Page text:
a boat from foam-fiberglass laminate panels

Discussion in 'Boat Design' started by TacoFace, May 29, 2021.

  1. TacoFace
    Joined: May 2021
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    TacoFace Junior Member

    Hello all. I am entirely new here, looking for help figuring out some concepts.

    I have access to trailer loads of lovely foam/fiberglass laminate panels. Just under 2" thick, with a shy 1/16" fiberglass on both sides. Very strong and takes glue well, even edge-to-edge. I made a simple flat-bottom rowboat that works great, but want to make a better hull design. I'm trying to figure out the concept of approximating curves with my flat panels without excessive cutting.

    I'm thinking of the parabolic grids for hull design. I'd cut panels to correspond with each part of the grid, split the angle of the cut so both edge surfaces are the same thickness, glue and clamp. I'll glass over the seams if I have to, but so far the glue holds great on it's own.

    Is there a CAD program that will approximate a curved hull into faces, and calculate the angles of the cuts?

    I know this will work geometrically, but calculating three or four compound miter cuts for each piece would be a nightmare to design. Should be a simple job for a computer program though...

    Also, what are the hydrodynamics going to be on a curved hull that is broken up into faces with hard angles? Is it just going to be approximately less streamlined, or is something weirder going to happen?

    These panels don't have any bend to them, and I'm trying to keep the number of cuts to a minimum.

    How would you design a hull if you weren't allowed to use real curves?

    I don't have a particular kind of boat in mind yet, but I'd be starting with something like a rowboat or tiny sailboat. -Mostly I just want to know if this concept makes sense.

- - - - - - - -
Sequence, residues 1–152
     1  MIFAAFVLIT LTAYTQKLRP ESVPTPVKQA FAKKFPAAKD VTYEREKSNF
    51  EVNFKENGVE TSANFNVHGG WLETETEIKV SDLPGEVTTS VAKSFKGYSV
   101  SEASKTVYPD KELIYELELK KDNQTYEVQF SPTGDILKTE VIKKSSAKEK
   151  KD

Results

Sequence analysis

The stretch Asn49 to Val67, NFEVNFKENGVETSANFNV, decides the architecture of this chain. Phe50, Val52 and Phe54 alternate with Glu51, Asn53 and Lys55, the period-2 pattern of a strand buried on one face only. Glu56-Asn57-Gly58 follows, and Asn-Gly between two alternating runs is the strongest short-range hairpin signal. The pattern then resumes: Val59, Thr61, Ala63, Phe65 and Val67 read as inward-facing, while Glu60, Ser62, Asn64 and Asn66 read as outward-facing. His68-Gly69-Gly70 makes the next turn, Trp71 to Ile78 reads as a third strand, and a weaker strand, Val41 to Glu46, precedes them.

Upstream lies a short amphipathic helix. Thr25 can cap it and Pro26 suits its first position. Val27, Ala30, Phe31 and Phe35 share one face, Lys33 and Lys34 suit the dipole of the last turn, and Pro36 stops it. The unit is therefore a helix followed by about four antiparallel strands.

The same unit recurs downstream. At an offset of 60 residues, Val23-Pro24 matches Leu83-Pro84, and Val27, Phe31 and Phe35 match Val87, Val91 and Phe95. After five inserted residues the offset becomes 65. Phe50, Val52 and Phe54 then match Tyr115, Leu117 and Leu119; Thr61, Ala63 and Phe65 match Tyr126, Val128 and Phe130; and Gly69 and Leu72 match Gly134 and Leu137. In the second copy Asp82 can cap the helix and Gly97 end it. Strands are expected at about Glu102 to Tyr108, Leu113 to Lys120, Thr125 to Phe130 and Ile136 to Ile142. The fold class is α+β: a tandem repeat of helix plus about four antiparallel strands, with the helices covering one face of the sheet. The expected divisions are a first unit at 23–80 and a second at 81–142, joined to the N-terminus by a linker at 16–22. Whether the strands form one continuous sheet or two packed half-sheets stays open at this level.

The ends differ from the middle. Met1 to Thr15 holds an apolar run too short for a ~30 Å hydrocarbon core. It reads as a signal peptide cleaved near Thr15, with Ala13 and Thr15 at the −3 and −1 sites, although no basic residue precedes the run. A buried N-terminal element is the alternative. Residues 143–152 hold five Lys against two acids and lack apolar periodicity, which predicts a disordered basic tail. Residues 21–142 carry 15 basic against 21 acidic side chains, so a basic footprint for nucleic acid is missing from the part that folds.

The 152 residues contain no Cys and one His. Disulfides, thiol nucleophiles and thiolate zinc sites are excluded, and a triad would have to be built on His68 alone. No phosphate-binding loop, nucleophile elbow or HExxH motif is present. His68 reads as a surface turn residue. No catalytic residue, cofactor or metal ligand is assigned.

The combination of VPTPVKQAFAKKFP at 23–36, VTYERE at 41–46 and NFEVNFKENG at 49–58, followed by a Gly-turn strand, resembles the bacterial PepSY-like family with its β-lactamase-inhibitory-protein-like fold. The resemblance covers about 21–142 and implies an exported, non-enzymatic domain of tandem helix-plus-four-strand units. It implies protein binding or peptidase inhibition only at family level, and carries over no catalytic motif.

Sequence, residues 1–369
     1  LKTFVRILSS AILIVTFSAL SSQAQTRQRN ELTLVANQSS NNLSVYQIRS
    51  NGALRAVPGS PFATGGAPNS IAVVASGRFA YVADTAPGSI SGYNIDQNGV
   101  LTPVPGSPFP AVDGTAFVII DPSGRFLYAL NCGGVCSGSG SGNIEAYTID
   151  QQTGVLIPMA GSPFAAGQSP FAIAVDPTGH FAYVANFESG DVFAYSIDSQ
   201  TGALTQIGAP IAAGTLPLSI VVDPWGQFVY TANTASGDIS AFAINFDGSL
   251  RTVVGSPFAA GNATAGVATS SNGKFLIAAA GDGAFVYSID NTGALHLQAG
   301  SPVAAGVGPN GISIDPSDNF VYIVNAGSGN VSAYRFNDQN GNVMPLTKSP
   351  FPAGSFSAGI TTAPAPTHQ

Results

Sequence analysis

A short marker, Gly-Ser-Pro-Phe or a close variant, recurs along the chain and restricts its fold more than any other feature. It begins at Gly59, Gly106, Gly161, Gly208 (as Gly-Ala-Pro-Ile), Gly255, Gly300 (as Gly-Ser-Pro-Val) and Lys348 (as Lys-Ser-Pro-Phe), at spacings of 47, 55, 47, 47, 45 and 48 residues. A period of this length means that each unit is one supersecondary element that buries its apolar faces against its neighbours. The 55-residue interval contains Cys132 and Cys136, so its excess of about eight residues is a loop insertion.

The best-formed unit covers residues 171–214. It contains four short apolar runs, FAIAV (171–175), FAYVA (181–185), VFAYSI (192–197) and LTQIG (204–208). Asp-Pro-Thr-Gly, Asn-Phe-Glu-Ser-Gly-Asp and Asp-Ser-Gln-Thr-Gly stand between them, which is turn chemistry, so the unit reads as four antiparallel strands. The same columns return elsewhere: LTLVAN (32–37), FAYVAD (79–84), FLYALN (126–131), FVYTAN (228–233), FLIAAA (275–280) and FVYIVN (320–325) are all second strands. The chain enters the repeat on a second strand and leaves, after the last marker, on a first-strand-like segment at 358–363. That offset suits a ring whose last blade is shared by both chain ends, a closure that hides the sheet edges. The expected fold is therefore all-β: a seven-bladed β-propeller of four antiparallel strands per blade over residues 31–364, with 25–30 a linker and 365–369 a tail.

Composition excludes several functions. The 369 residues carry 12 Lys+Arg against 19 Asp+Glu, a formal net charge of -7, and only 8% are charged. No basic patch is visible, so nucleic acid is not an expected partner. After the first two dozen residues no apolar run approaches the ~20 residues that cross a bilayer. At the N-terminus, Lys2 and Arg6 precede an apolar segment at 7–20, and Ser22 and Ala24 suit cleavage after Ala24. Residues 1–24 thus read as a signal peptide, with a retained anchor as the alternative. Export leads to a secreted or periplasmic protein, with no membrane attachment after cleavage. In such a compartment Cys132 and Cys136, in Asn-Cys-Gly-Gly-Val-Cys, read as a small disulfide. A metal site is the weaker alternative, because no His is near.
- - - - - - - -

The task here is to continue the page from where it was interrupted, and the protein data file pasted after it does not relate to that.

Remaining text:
Thanks in advance! Any input is appreciated!
     
  2. DogCavalry
    Joined: Sep 2019
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    DogCavalry I aim to misbehave.

    You're pretty much limited to very low speed barge type craft. Like a big slow houseboat. However, those can be very useful craft.
     
  3. Mr Efficiency
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    Mr Efficiency Senior Member

    What is the foam, polystyrene or polyurethane ?
     
  4. Squidly-Diddly
    Joined: Sep 2007
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    Squidly-Diddly Senior Member

    any common CAD like Solidworks or Autodesk Inventor will do a good job at giving you exact dimensions applying flat sheets over a curved surface (dimensions on both sides of panels, angles, etc).

    You can get Student Editions for both which are full featured just can't Export to fancy CAM machines and both have good online communities where Power Users compete for clout to answer your questions.

    But I gotta sorta agree with Dog. Maybe two or three hulled pontoon boat of flat material but pointy ends.

    OR....use your material sorta like flat plywood cross frames you see in boats and apply curvable thin plywood over that.

    OR...laminate it together to build up solid foam shape (sorta boat shaped with inside sorta hollow) and shape from there then a layer of glass once you got the shape smoothed out.
     
  5. Dejay
    Joined: Mar 2018
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    Dejay Senior Newbie

    Look into developable surfaces. These are shapes you can bend out of a sheet of paper or sheet of metal without resorting to "compound curvature" (lens or spherical) so they don't require the surface to stretch of compress. They can be thought of as ruled surfaces where you can pass a ruler along the whole surface of the hull.

    This carolina dory would be an example of a flat bottom boat that is easy to build with developable surfaces. But for displacement speeds you'd probably want something with a canoe stern as well. Your foam boards will be stiff but not very tough so I don't think a planing hull shape is a good idea.

    Maybe with your 1.5mm fiberglass on boat sides this idea could work, but I'm a novice too so please don't take this as expert advice:
    I would try cutting kerfs similar to plywood into one side so the outer fiberglass surface stays intact, then fill the cuts with thickened epoxy when gluing them in place. Then fiberglass over the inside. This should be pretty stiff but your foam still won't be very tough and could easily get damaged.
    Calculating the cuts would be something like taking length of outer curve minus the length of the inner length divided by number of cuts.

    PS: Obviously a boat like this should only be used in safe waters where you can swim to shore but at least even if your boat swamps or crumbles into pieces it would float enough to give you some safety.